Tip rot, or restricted end rot, is a new sweetpotato (Ipomoea batatas) disease/disorder in Mississippi with unknown etiology. Since pathogen isolations have been inconsistent, a relationship of this disorder with stress is proposed. This disease/disorder is manifested as a restricted lesion at or close to the proximal end of the storage root and appears after 2 to 4 weeks in storage. In many cases, the lesion necrosis expands internally. On-farm and research station studies with preharvest foliar applications of ethephon were conducted in Mississippi to determine the potential association of tip rot with ethephon-induced stress. In addition, the effects of ethephon rate and interval between application and harvest on tip rot were investigated. After 1 to 2 months in storage, tip rot incidence was observed mostly in storage roots from ethephon-treated plants. The increase in tip rot incidence was well correlated with ethephon rate. These results suggest that preharvest applications of ethephon trigger a response that results in the tip rot disorder.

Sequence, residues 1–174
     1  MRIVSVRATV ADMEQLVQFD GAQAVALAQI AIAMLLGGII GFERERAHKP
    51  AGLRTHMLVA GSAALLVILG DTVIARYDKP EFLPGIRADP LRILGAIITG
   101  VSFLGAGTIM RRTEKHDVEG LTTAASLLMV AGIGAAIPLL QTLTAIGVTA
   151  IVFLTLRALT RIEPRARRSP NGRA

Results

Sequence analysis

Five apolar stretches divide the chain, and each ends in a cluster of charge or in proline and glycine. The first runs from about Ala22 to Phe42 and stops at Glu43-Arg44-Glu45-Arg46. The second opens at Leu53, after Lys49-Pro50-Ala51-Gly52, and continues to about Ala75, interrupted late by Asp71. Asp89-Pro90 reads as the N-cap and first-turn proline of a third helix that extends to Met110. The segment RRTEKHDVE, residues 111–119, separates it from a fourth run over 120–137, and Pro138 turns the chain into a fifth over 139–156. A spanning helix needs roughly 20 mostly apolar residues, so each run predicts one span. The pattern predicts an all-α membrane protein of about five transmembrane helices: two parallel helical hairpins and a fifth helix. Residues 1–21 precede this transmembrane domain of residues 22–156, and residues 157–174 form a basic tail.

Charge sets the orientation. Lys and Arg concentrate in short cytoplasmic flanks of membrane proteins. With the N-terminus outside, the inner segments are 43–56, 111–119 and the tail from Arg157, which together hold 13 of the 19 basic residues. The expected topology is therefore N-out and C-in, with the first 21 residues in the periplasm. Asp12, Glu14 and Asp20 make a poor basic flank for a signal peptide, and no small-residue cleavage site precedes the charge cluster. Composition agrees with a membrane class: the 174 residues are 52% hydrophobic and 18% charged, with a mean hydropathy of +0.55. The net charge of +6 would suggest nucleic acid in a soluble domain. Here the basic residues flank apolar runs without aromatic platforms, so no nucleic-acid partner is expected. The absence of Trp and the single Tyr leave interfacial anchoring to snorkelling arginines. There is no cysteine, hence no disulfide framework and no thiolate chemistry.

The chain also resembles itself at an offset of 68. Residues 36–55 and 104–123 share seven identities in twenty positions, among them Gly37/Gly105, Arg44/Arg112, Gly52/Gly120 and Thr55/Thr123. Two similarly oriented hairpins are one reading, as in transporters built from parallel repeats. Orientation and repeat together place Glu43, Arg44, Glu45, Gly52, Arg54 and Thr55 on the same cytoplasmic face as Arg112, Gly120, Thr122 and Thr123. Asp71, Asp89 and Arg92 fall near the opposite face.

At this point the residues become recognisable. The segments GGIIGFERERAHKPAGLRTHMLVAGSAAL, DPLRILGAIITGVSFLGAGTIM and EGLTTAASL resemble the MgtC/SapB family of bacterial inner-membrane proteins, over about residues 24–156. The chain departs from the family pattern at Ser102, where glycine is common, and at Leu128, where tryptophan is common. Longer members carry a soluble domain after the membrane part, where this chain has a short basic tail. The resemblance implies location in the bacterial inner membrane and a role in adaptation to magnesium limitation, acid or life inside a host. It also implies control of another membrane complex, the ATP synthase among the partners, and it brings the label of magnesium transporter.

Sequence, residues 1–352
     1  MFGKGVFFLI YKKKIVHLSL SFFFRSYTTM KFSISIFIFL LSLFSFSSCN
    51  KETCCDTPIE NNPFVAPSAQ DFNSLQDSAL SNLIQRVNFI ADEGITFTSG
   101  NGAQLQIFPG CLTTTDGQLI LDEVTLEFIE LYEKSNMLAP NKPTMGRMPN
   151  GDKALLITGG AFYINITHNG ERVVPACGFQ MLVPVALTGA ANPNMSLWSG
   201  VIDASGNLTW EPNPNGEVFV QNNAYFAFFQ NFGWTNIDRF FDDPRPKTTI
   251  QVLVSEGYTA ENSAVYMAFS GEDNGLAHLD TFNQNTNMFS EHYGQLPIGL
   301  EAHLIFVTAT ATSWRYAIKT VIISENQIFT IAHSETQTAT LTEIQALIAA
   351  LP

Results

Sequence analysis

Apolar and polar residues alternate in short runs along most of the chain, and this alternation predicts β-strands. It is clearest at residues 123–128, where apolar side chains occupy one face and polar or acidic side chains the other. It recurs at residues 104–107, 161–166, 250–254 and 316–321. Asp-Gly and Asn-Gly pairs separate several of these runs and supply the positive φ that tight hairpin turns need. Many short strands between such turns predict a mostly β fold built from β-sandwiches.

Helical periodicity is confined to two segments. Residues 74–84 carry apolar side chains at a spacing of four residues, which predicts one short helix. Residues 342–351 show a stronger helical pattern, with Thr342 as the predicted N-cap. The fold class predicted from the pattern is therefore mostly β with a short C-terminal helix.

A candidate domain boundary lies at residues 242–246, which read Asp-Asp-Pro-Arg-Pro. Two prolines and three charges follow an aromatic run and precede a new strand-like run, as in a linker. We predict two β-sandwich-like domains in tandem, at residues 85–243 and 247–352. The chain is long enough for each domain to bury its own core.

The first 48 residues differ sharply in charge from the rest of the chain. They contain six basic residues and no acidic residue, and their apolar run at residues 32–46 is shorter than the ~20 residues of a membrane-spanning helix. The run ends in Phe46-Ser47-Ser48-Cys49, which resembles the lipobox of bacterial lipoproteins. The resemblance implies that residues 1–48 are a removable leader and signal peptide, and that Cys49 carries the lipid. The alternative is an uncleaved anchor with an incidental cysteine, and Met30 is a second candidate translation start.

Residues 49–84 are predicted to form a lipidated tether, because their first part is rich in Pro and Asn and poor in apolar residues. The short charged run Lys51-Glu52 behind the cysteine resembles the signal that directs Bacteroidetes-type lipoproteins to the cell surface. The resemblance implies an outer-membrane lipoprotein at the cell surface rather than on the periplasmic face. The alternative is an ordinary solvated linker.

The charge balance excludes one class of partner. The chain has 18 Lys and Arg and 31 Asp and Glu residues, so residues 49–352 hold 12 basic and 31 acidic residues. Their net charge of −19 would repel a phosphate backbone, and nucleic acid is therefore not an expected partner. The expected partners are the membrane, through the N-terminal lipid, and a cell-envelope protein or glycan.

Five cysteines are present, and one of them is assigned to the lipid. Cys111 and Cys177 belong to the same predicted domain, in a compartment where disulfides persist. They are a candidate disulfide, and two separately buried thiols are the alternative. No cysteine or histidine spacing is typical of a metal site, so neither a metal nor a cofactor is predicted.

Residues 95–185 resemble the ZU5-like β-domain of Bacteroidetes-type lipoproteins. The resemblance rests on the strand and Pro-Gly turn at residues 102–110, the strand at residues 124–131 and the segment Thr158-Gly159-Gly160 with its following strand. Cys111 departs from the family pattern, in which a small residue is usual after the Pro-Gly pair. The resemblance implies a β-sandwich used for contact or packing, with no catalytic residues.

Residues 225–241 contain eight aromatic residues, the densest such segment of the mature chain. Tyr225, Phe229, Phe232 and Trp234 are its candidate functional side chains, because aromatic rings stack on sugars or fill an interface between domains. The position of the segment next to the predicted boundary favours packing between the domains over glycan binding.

Tip rot, or restricted end rot, is a sweetpotato disease/disorder with unknown etiology that has caused recent problems in Mississippi and possibly other production areas. Symptoms appear after 2 to 4 weeks in storage resulting in significant losses. In general, postharvest rots reduce pack-out efficiency, which affects profitability, but the internal necrosis associated with tip rot can go unnoticed until consumer use, which affects quality perception, and therefore, diminishes demand. Pathogen isolations have been inconsistent with this disorder: different pathogens and nonpathogens were isolated while in some cases nothing was isolated from lesions (da Silva and Clark, 2012; Stokes et al., 2012). Therefore, a relationship with stress has been suggested. Ethylene is produced in plants under stress/injury and a previous study has indicated that preharvest foliar applications of ethephon enhance the incidence of a similar disorder in North Carolina (Dittmar et al., 2010). This suggests that ethephon-induced stress may be influencing the incidence of this disorder.